4.12.2 Comparisons Using the results of the CE/ICA analysis, the design team and Sponsor closely examined the CE/ICA box plots, descriptions, and cost data. Based on performance targets for objectives and CE/ICA analysis, best buy alternatives were screened or retained for inclusion in the final array as follows: • • All alternatives met targets for their included reaches for invasives removal and management. Alternatives 2 to 6 range in incremental benefits from 392 to 1,505 and a gradual increase in first costs from $2 million to $12 million. They were screened out because they did not significantly meet performance targets for restoration of freshwater marsh, a more natural hydrologic and hydraulic regime, or increase in habitat connectivity. Alternatives 7 to 9 range in first costs from $108 million to $330 million and incremental benefits increase from 2,761 to 5,292. Alternatives 8 and 9 meet performance targets for valley foothill riparian restoration, Alternatives 7-9 partially meet criteria for 3 out of 5 targets for restoring hydrology and hydraulics meet 1 out of 2 criteria for restoration of freshwater marsh and fish habitat; and minimally meet criteria in 4 out of 8 targets for connectivity. Therefore, they were not carried forward. The extent of upstream to downstream habitat connectivity is important for restoration of wildlife corridors. The Glendale Narrows (Reaches 4, 5, and 6) currently support riparian vegetation with concrete slopes, but upstream and downstream areas (Reaches 1, 3, 7 and 8) have a fully concrete channel. Alternatives 2 to 9 do not significantly meet connectivity criteria for connections between upstream and downstream areas. Alternative 10 first costs are $345 million, adds the additional reach (7) connecting the entire study area, and provides 5,321 habitat units. This is the first alternative that includes all reaches. Alternative 10 meets targets for valley foothill riparian by restoring a structurally diverse habitat, in contiguous reaches, with varying structural layers, supports wildlife survival requirements, and includes riparian nodes of sufficient width to support wildlife requirements. It minimally meets targets for a more natural hydrologic and hydraulic regime by inclusion of Taylor Yard widening. Overbank connections are made with daylighted streams, stormwater capture, widening, terracing, and side channels. It restores seasonal and overbank flows in Reach 6 and increases naturalized areas in the river mainstem in Reach 6. It minimally meets all conditions for Objective 1 except it does not meet all criteria for hydrologic connections. Restoration of tributary confluences was included to begin to improve hydrologic and habitat connectivity in the watershed and improve wildlife corridors to other significant ecological areas such as the Verdugo and San Gabriel Mountains. Ultimately, other in-progress restoration efforts on the tributaries (beyond the study area boundaries) would provide further improvements to these connections. Measures that address these criteria were daylighting storm drains, adding side channels, and restoration work on tributaries to address Objective 2. Alternative 10 increases hydrologic and hydraulic connections by daylighting streams, reconnecting floodplains, and reconnecting wildlife habitat to overbanks. It connects not only to upstream but downstream through Reach 8 but does not restore connections to a major tributary. Alternative 10 provides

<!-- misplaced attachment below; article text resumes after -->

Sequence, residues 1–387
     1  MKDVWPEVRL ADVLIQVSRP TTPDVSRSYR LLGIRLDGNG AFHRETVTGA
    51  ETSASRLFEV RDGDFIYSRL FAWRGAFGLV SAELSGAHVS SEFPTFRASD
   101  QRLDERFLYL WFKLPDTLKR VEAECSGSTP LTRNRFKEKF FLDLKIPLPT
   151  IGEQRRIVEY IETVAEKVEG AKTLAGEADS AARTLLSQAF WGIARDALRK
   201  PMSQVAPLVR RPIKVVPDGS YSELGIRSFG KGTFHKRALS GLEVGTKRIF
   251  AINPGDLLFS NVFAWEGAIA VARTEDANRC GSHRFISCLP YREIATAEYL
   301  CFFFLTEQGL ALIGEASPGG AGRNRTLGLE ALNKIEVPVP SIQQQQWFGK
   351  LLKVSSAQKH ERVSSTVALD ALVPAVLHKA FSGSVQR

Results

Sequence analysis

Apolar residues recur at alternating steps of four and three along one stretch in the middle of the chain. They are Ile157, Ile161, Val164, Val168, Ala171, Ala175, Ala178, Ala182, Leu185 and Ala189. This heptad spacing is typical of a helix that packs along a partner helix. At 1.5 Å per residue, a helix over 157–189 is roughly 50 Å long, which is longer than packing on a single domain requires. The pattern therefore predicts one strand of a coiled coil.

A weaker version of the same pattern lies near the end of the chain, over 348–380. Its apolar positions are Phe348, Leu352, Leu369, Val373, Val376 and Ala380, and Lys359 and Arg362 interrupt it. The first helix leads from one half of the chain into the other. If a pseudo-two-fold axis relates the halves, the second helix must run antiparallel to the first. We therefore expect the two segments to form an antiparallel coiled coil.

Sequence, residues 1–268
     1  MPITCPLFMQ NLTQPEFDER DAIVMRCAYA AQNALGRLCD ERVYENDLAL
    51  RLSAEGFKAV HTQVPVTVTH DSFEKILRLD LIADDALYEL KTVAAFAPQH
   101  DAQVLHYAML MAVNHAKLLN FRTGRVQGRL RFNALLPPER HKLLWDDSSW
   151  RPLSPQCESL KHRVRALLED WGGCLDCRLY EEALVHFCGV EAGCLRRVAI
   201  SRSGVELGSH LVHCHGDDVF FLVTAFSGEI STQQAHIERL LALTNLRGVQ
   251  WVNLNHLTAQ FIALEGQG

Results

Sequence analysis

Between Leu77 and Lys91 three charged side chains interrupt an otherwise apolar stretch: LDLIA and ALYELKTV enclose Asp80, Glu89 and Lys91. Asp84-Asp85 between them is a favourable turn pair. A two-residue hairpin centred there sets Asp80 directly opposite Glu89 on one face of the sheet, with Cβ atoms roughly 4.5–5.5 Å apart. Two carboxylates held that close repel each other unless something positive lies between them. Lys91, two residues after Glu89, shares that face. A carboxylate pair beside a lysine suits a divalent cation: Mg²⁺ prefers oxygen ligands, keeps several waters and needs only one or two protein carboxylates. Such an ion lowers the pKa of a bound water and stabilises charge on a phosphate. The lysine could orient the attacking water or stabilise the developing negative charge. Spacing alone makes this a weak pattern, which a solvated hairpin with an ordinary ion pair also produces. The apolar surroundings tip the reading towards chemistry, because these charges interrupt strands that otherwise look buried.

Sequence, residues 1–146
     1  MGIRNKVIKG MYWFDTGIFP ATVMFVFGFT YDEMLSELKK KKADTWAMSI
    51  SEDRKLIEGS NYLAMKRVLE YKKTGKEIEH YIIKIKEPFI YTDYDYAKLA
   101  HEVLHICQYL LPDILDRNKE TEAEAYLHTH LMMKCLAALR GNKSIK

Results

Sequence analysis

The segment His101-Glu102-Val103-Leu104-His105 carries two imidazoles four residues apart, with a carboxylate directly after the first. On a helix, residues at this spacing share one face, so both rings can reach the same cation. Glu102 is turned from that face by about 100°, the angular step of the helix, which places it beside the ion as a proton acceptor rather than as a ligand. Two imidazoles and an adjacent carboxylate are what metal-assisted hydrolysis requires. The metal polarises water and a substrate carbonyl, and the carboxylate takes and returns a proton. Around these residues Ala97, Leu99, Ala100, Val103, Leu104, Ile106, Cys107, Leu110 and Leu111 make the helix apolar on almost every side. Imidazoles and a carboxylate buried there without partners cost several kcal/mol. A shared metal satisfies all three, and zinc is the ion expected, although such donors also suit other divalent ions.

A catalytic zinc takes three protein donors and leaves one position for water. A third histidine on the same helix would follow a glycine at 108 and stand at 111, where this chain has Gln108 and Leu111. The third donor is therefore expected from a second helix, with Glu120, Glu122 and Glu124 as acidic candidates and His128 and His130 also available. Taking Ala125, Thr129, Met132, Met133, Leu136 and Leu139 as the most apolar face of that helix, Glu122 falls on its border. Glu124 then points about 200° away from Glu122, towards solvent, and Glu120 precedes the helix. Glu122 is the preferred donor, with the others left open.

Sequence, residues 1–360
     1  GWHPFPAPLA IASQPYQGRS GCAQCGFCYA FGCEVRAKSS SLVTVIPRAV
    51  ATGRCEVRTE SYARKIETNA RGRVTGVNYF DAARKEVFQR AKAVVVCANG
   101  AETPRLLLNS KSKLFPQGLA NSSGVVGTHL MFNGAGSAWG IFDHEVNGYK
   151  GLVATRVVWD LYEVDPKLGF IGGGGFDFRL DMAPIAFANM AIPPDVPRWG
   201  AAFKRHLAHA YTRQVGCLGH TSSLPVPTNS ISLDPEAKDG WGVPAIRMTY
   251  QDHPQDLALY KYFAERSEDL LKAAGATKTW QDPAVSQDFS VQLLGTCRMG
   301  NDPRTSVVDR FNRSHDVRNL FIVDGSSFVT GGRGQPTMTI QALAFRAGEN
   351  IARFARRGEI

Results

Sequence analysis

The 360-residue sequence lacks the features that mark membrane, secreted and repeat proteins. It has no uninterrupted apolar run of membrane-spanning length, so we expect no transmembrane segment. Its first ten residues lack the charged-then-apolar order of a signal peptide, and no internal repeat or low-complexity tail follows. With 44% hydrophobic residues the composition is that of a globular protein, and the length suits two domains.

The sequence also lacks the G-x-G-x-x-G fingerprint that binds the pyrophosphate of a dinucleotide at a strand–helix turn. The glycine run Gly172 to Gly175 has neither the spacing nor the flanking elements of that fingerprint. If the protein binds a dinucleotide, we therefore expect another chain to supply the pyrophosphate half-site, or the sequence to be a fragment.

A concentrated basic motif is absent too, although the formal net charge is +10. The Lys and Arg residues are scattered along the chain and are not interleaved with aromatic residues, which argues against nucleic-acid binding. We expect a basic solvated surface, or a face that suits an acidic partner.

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the lowest cost ($347 million) opportunity to meet objectives for connectivity and changes in hydrology, and is therefore carried forward into the final array. The group of Alternatives 10 to 13 range in total costs from $347 million to $444 million (Alternative 13). Habitat benefits increase from 5,321 units to 5,902 (Alternative 13). Within this grouping there are significant changes within Alternatives 10 to 13. Reaches 3, 6, and 7 are changed. Alternative 13 accomplishes all that Alternative 10 does, and adds freshwater marsh habitat to better meet Objective 1. Connectivity is increased with additional contiguous pathways and restoration of the confluence at Arroyo Seco, the most significant tributary in the ARBOR Reach with potential to connect to future restoration planning on that tributary. Alternative 13 is the second alternative to be carried forward into the final array for further comparison, providing 5,902 habitat units and costing $442 million. The next incrementally grouped alternatives are 14 to 16. These alternatives range in benefits from 6,003 to 6,610 with a total cost range from $495 million to $825 million. These all meet targets for performance on Objective 1 with Alternative 16 showing an incremental jump in restoration of freshwater marsh, riffle-pool complexes, and conditions for native fish survival, greater hydrologic/hydraulic connections, and other related conditions. Alternative 16 is the third alternative carried forward into the final array, providing benefits of 6,610 HUs and a cost of $774 million. The remaining Alternatives 17 to 21 incrementally increase the habitat value from 6,643 to 6,901 HUs and have significantly increased total costs ranging from $845 million to $1.1 billion. In addition to the benefits and measures included in the other alternatives, these alternatives include widening and increased habitat in the river bed in Reach 2, and connection to the Los Angeles River State Historic Park (Cornfields) in Alternatives 18 to 21. Alternative 20 shows the greatest single increase in habitat value in this group with the addition of restoration of the confluence of a second major tributary (Verdugo Wash), increasing natural hydraulic conditions and regional connectivity. This is the fourth alternative carried forward into the final array with benefits of 6,883 HUs and a cost of $1.04 billion.